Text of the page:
The Cowboy Operation: Dr. Jason Stoneback

On roping: When I’m not at the hospital, I’m on the phone in meetings or doing tele-health. But I’m very fortunate to live where I live in Fort Lupton, Colorado. I rope with my wife, so in between meetings I rope the dummy, and when some of the stuff falls off for the day, we’ve been roping the steers and I have my phone with me no matter what. I’m lucky to have the greatest wife in the world who makes that possible.

Kara Ruthruff, CCRN

Critical Care Nurse, The Medical Center of Aurora, Colorado 

On hospital life: It’s been 100% a war zone. It’s nothing I’ve experienced in my 10 years as an ICU nurse. We’re all trying to survive and have our patients survive. We’re opening up areas that were never meant for ICU patients all day. We’re putting people where we can, running around trying to keep people alive. I’m working three days a week, 12-hour shifts. But they’ve asked me to work overnights because we’re so critically low on staffing.

One day, I was getting a report from the night nurse on one patient that had been intubated with COVID for two weeks, when a whole group of people pushed a patient into one of my open rooms without calling or telling me. He’d been on the COVID-19 medical floor, but they said, “He needs to be intubated immediately,” and sent him to me in the ICU. He was COVID positive, and his wife was two doors down also on life-support and COVID-19 positive. He begged me to help him, but he also begged me to give his wife the ventilator if we had to choose. We intubated him, and I spent four hours trying to keep him alive after that and didn’t leave his room. And I went home and prayed I was not the last face he was going to see.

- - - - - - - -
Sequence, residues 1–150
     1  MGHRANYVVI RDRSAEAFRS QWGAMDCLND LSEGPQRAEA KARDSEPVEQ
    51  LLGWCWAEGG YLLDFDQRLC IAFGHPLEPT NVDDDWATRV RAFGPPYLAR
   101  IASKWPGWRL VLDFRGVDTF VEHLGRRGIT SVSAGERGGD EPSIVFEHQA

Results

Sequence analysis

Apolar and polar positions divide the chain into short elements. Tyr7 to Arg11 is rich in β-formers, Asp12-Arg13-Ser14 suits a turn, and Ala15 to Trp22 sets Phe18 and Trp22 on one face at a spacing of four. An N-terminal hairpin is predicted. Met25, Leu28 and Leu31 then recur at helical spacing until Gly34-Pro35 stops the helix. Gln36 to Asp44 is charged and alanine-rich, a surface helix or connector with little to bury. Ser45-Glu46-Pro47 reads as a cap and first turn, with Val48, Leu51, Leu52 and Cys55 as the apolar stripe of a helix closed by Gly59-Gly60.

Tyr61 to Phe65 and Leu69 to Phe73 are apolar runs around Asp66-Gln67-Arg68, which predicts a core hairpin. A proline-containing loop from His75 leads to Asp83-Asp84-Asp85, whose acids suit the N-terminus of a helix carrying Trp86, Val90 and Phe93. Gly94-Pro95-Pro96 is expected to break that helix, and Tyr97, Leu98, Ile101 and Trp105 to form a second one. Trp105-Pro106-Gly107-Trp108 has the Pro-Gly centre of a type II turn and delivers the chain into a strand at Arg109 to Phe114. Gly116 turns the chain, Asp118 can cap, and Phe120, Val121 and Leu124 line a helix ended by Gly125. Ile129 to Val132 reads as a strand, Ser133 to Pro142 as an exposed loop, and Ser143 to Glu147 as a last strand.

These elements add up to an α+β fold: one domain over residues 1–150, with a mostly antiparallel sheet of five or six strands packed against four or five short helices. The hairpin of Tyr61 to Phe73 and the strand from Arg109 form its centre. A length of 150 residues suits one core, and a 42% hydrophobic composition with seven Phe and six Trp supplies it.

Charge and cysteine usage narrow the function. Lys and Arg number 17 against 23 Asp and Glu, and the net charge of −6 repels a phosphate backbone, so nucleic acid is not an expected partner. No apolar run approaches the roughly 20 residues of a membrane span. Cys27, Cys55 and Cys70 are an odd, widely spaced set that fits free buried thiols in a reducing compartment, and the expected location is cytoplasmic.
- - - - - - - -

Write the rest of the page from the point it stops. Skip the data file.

On roping: My down time is 100% what I look forward to with the kids and my husband and the horses. Whether we’re pulling the Hot Heels around on my day off or at night after work, or I’m riding my 3-year-old. That 3-year-old is keeping me sane.

Kersti Passig, RN

Emergency Medicine, Alta Vista Regional Care Hospital, Las Vegas, New Mexico 

On hospital life: At first, I was skeptical. Even as a nurse, I thought it really wasn’t that bad. My mindset changed as it spread in the U.S. I don’t feel scared for myself, but I feel scared for my hospital and my patients and our staff. We’re so rural, and we usually transfer patients who are too critical. But hospitals where we usually transfer our critical patients to are filling up. As long as we take our precautions, we’ll get through. The PPE rationing has been our biggest change. Now we’ve been given one N-95 mask. We keep them in brown paper bags, and we’ve got the cloth masks that everyone is making for us. Normally that’s a no-no, but it’s what we have. We’re just getting rooms ready, bags of supplies ready in case we get a case. Luckily, we haven’t had to see a patient and go in blind. We’ve definitely been extremely slow, which is honestly scary because it feels like the calm before the storm. In the whole realm of things, it’s good our community is doing a really good job of staying home. Our town doesn’t have an urgent care, so we’re used for everything. But those people have been staying home. We see some non-emergent things, but for the most part it’s been a waiting game.

On roping: I feel like I’ve roped more now than I ever have because there’s no ropings to go to. They’ve been breaking in steers every day. I’ve gotten to practice and I have nowhere to go! Rarely do I get to practice with my husband (BFI champ Cade Passig) and Chris (Francis) and Kenna.